How Scotland's football team has given Baccara's 'Yes Sir I Can Boogie' a sudden chart comeback

16 November 2020, 16:25

Baccara
Baccara. Picture: Getty

By Tom Eames

Baccara scored a massive hit in the UK back in 1977 with their infectious disco anthem 'Yes Sir I Can Boogie'. No one could have predicted it would make a return to the charts in 2020.

But why, you ask?

Just a few years after Dairy Milk used it in advert starring a moustachioed office manager on his swivel chair, it's back via a completely unexpected source.

  1. Who are Baccara?

    Baccara re female duo formed in 1977 by Spanish artists Mayte Mateos and María Mendiola.

    They quickly achieved international success with their debut single 'Yes Sir, I Can Boogie', which reached number one across most of Europe and became the best-selling single of all-time by a female group, selling over 18 million copies worldwide.

    They went on to represent Luxembourg in the Eurovision Song Contest 1978. However, by 1981 they had broken up.

    However, two incarnations of the original Baccara appeared during the 1980s, with Mendiola fronting New Baccara and Mateos keeping the duo's original name.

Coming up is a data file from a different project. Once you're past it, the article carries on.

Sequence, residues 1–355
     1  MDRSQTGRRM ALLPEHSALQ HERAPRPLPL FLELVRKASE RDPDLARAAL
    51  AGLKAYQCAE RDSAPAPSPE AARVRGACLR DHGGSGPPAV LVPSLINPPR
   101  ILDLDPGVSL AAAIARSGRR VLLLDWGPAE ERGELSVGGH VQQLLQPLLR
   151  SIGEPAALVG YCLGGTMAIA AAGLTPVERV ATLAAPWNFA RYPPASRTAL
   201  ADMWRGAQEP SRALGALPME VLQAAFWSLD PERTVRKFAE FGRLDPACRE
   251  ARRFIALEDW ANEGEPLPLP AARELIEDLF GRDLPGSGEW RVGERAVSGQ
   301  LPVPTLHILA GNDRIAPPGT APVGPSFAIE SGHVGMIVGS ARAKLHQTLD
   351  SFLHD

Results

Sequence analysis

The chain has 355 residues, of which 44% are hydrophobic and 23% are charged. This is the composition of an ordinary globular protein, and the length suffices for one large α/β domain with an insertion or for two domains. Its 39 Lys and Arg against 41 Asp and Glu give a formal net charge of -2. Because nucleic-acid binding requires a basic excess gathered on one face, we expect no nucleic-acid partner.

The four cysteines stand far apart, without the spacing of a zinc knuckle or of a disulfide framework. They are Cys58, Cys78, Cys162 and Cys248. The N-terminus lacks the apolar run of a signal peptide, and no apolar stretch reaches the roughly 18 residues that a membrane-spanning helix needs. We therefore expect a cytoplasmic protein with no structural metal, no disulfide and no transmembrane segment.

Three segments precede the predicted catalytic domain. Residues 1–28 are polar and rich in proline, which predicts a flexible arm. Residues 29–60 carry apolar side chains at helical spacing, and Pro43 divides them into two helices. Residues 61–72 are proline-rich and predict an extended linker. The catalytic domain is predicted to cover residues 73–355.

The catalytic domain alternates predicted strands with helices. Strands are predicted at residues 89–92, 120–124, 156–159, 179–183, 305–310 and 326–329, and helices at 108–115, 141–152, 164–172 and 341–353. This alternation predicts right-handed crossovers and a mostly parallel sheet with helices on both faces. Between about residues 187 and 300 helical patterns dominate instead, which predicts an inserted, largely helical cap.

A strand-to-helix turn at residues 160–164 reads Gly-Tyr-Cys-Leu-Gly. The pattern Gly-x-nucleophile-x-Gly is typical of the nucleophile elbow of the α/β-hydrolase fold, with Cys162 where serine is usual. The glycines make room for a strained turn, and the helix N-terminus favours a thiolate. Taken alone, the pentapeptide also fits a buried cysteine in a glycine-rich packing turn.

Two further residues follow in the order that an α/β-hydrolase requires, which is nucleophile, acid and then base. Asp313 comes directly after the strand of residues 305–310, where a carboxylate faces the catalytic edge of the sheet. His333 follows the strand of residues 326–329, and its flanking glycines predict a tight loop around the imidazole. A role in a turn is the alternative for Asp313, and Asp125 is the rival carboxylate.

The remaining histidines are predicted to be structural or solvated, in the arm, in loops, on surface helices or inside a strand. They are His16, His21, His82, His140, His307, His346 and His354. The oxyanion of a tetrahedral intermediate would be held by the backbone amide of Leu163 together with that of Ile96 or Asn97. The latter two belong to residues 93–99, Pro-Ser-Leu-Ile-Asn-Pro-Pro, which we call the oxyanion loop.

In the 1990s, New Baccara reverted to Baccara, and since then both Mateos and Mendiola lead different duos with the same name.

    Mendiola's Baccara has proved more popular, scoring club hits such as 'Fantasy Boy' and 'Touch Me' in the late 1980s, and a cover of 'Wind Beneath My Wings'.

  2. Why is Scotland's fans using 'Yes Sir I Can Boogie'?

    The song was adopted by fans of the Scotland national football team in 2020, following the team's qualification for Euro 2020.

    It first became used locally in 2015, following a stag party video of Aberdeen defender Andrew Considine miming to the song while dressed in drag.

    Five years later, Scotland defeated Serbia on penalties to reach their first major tournament since 1998, and videos of the players (including Considine) chanting the song after the match went viral.

    The song has since risen up the charts, and was as high as number 18 on downloads and streams in the midweek update on November 15.

  3. Baccara might actually re-record it

    Well, one version of Baccara, anyway.

    Following the success of the song once again, Maria Mendiola said that she would be up for re-recording the song for the people of Scotland.

    Speaking on Good Morning Scotland, Maria said: "With this pandemic, I have been sitting at home and this has uplifted me in a way you cannot imagine.

    "I will always thank the Scottish team and especially Andy Considine for making me so happy after 43 years.

    "I saw all the articles and everyone was calling me. I was delighted. I thanked the Scotland team and spoke with Andy over Instagram. He had such nice words."